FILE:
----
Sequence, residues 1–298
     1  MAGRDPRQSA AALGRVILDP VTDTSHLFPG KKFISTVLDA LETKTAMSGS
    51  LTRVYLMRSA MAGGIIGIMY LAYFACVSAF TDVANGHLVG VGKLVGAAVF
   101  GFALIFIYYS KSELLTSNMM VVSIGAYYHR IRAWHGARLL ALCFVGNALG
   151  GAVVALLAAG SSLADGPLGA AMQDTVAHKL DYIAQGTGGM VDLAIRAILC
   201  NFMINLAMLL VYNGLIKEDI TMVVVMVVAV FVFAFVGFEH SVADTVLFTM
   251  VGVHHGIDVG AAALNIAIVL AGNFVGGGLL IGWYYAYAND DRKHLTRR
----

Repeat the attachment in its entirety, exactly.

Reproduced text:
Sequence, residues 1–298
     1  MAGRDPRQSA AALGRVILDP VTDTSHLFPG KKFISTVLDA LETKTAMSGS
    51  LTRVYLMRSA MAGGIIGIMY LAYFACVSAF TDVANGHLVG VGKLVGAAVF
   101  GFALIFIYYS KSELLTSNMM VVSIGAYYHR IRAWHGARLL ALCFVGNALG
   151  GAVVALLAAG SSLADGPLGA AMQDTVAHKL DYIAQGTGGM VDLAIRAILC
   201  NFMINLAMLL VYNGLIKEDI TMVVVMVVAV FVFAFVGFEH SVADTVLFTM
   251  VGVHHGIDVG AAALNIAIVL AGNFVGGGLL IGWYYAYAND DRKHLTRR